Committee Third Term Programme

The Chairperson said that from 21 - 24 July 2020, there would be mini-plenaries and there would be no meeting. On 28 July there would be a follow-up meeting scheduled with the Department of Co-operative Governance and Traditional Affairs (CoGTA) on the tariffs. She noted that the meeting must include the debt collection challenges faced by boards and municipalities.

Friday 31 July, the Committee would put together all petitions it had received because it was requested to prioritise them. From 3 August to 17 August would be the constituency weeks and the Committee’s programme would resume on 18 August; it would continue on virtual platforms. The Minister was being called to brief the Committee on the Department’s master plan of how it would resolve the challenge of granting national access to water as well as the resolution on challenges of sanitation. On Friday, 21 August, there would be a briefing on the outstanding matter of the Vaal River system intervention and the Hammanskraal problem. From 25 August until September, the Committee would be engaging with provinces and water-boards. Water-boards had tabled their APPs and Strategic Plans. After this, the Committee would be dealing the first quarter performance of both Departments for the current financial year; if oversight was needed, the Committee would plan for it. The outstanding oversight was that of Lesotho, which was thought to be currently unfeasible. The Committee would look to other provinces to do oversight if it was permitted in the first quarter of 2021.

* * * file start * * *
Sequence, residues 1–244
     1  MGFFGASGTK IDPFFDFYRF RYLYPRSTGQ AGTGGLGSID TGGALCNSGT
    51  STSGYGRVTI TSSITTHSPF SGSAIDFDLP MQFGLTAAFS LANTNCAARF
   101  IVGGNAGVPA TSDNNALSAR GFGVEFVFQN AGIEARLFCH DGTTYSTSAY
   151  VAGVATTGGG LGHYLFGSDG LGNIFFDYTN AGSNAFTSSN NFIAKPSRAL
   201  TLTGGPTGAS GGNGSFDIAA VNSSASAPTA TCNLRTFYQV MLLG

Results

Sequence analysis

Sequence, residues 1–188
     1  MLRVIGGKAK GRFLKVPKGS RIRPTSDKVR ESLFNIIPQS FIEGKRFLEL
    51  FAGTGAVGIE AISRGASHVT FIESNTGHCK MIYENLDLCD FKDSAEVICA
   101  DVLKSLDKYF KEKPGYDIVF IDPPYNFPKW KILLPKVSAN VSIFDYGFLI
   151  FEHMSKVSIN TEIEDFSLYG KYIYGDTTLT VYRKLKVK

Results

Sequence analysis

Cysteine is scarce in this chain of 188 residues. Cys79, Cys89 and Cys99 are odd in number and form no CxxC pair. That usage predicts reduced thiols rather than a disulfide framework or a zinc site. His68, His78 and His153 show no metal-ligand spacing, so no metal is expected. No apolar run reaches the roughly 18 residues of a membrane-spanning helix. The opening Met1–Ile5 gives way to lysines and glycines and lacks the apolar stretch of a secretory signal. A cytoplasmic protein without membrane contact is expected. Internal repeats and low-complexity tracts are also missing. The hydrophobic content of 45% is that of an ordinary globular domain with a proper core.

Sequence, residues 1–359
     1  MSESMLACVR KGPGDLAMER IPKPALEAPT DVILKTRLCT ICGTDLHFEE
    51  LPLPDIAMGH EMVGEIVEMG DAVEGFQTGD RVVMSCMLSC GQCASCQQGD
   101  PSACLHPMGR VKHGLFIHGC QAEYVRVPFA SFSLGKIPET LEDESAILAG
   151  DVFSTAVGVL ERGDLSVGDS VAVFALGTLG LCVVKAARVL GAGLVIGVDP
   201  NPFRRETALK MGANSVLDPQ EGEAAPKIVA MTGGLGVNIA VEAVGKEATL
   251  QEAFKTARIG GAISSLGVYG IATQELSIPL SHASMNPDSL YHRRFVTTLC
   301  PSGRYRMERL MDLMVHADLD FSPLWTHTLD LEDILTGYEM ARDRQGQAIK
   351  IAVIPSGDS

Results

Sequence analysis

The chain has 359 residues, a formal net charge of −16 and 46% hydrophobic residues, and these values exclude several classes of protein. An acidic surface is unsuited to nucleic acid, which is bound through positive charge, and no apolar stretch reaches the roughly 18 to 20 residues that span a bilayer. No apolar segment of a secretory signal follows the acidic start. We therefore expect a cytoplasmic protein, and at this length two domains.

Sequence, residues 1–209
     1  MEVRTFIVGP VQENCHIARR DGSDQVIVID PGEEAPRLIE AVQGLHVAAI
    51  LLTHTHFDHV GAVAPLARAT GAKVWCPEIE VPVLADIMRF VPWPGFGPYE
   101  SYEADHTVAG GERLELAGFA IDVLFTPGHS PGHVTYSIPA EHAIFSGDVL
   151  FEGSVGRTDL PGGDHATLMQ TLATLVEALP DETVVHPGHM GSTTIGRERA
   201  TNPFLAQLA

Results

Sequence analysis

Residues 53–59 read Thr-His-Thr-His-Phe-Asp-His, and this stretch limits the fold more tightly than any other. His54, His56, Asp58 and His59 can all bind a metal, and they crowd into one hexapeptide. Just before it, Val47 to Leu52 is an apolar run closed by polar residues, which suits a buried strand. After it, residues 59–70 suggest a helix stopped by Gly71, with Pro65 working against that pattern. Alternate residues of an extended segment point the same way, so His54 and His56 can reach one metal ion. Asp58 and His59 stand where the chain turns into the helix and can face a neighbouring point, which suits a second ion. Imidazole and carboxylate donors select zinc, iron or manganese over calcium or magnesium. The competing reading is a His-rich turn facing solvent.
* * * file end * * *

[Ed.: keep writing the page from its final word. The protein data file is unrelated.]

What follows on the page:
The Chairperson requested the Committee adopt the programme.

Ms Powell recounted that the National Council of Provinces (NCOP) was given an update on interventions and progress on targeted interventions for the COVID-19 relief programme two weeks prior to the meeting. She requested that the Committee be given an update on this as it was the most pertinent issue in the country. Members had a responsibility to their communities to report back on what was going on. She asked for the Committee to urgently receive the same report that the NCOP received.